THE ROMAN THEOLOGICAL FORUM
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LESSON 6: THE PHILOSOPHICAL ORIGINS OF HISTORICAL-CRITICISM
by John F. McCarthy
35. The historical-critical method. The "historical-critical method," is the method currently in use by the "historical-critical school" of biblical interpretation. It is characterized by the way in which it uses literary-criticism and historical-criticism according to its own understanding of these terms. The method of "literary-criticism" goes back to the Catholic Richard Simon (1638-1712), who examined repetitions (doublets), and various seeming discrepancies and incongruities of content and style in the Pentateuch in relation to the alleged Mosaic authorship of the whole, but it was afterwards developed mainly by a series of German Protestant exegetes. Literary-criticism is a search for the explanation of the many supposed cracks and contradictions in the sacred text of the Bible. Historical-criticism accepts the results of literary-criticism and goes on to seek "the historical processes which gave rise to biblical texts." 1 The acclaimed founder of the historical-critical school as such is Wilhelm de Wette (1780-1849), whose basic approach was to treat the events recorded in the Bible "as phenomena comparable to other historical phenomena and subject to the same laws of historical research." 2 What these "laws of historical research" are has remained largely undefined by de Wette and his followers down to the present time. Historical-critics constantly use the terms "historical science" and "historical method," which they identify with their particular approach and method, but their reasoning lacks a clear definition of terms.
36. The remote background of the historical-critical method. The historical-critical method arose early in the nineteenth century on the basis of certain philosophical ideas of the seventeenth and eighteenth centuries. Some of the philosophical antecedents of the method are the following:
a) deism: the belief that, although God created the universe, He left it to run on its own according to natural causes ever afterwards, so that there have never been nor ever will be any divine interventions or supernatural happenings; the belief that there is only a universal natural religion requiring belief in God and the performance of one's duty, while all positive religion is the concoction of cunning priests and rulers.
37. Philosophical presuppositions. The seven beliefs listed in the preceding paragraph contributed to the rise of higher-criticism, which later produced the historical-critical method. The freethinker Herbert of Cherbury (1581-1648) is considered the father both of English deism and of naturalism in religion, and this is not surprising, since his exclusion of any role of God in the history of the world easily led to the suggestion that God does not exist at all. In similar fashion, the exclusion by higher-critics of any formal and discernible role of divine inspiration in the composition of the books of the Bible easily led to the suggestion that there never was any divine inspiration at all. René Descartes (1596-1650) is recognized to be the father of modern rationalism because of his universal methodic doubt and his method of deduction solely from self-evident principles of human reason. Descartes actually excluded from his universal methodic doubt the truths of faith and morals, 3 and he accepted that man can know with certainty from the light of faith, 4 but the series of biblical critics who followed him in the eighteenth century turned his universal methodic doubt against the text of Sacred Scripture and left no place for a real light of faith either in the production of the Bible or in its certified interpretation. And they used the physical theory of Isaac Newton (1642-1727), which stated that the universe is a closed system ruled by unbreakable natural laws, to exclude from historical reality all of the miracles and supernatural events reported in the biblical accounts. Immanuel Kant (1724-1804) modified Cartesian reasoning in a theory of knowledge based on the belief that man cannot know external reality but only his reasoning about what he experiences with his senses. Based on Kant's theory of knowledge, higher-critics would later adopt the belief that the sacred writers could have known only what they managed to figure out from their own limited experience. Georg Wilhelm Hegel (1770-1831) modified the static philosophy of Kant with a dynamic philosophy according to which all reality is in constant development. Under Hegel's influence, David Strauss (1808-1874) and Ferdinand Baur (1792-1860) "developed a higher criticism of the Bible in which its supernatural elements were systematically explained away as products of mythology." 5 Hegelian thinking also emphasized the belief that the supposedly Mosaic authorship of the Pentateuch must actually have been the result of a long process of development, as was the text of other books of the Bible. Higher-critics found encouragement in this belief from the widespread acceptance of Charles Darwin's theory of evolution in the second half of the 19th century.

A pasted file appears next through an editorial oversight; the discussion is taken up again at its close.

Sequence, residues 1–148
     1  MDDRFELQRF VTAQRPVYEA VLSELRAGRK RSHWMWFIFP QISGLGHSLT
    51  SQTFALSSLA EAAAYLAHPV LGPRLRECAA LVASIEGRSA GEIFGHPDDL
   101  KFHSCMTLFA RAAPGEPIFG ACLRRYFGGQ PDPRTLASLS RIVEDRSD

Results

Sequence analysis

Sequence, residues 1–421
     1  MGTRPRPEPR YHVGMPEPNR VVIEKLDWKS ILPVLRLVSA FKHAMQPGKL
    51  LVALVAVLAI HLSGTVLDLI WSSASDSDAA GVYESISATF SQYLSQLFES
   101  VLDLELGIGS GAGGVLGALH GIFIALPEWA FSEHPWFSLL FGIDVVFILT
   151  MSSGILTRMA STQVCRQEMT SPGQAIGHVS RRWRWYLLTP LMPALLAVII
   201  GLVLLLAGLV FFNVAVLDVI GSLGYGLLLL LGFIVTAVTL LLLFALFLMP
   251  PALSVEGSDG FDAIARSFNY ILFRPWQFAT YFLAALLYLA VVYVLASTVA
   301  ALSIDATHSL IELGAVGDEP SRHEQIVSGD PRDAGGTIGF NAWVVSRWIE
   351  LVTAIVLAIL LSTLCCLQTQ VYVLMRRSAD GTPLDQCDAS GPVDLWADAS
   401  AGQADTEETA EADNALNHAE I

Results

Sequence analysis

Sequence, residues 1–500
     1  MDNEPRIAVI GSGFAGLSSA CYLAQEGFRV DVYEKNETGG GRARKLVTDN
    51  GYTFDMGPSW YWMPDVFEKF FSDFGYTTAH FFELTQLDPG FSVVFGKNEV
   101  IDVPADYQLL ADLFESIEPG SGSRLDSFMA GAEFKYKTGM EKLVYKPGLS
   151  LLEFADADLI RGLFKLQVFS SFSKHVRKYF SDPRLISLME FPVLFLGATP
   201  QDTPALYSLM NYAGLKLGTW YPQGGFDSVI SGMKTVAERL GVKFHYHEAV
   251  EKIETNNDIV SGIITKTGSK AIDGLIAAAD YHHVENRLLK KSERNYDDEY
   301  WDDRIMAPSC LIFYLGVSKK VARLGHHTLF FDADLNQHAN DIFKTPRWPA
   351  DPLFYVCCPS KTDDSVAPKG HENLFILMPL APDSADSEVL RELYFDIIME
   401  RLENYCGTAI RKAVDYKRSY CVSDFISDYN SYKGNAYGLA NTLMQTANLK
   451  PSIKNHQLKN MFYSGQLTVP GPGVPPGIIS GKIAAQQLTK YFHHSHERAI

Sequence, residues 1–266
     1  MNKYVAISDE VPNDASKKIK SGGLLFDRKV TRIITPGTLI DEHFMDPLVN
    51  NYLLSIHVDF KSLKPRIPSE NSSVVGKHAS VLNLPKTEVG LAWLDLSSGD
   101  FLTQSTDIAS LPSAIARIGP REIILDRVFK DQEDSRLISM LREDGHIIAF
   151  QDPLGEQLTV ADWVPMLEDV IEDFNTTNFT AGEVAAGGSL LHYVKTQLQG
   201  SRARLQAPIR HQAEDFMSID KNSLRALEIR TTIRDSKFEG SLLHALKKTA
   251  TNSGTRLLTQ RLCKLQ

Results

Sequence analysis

b) naturalism: the belief that everything in the world can be explained from natural causes alone; there is no supernatural reality.
c) rationalism: the belief that human reason, based upon self-evident principles, is the sole judge of certified knowledge.
d) empiricism: the belief that all certified knowledge is based upon verification by sense experience and experiment.
e) subjectivism: the belief that man can know only the objects of his own thoughts and experiences (phenomena) but he cannot know reality external to his own mind (noumena).
f) evolutionism: the belief that all reality is evolving as a whole in a vaguely upward direction; there are no immutable realities.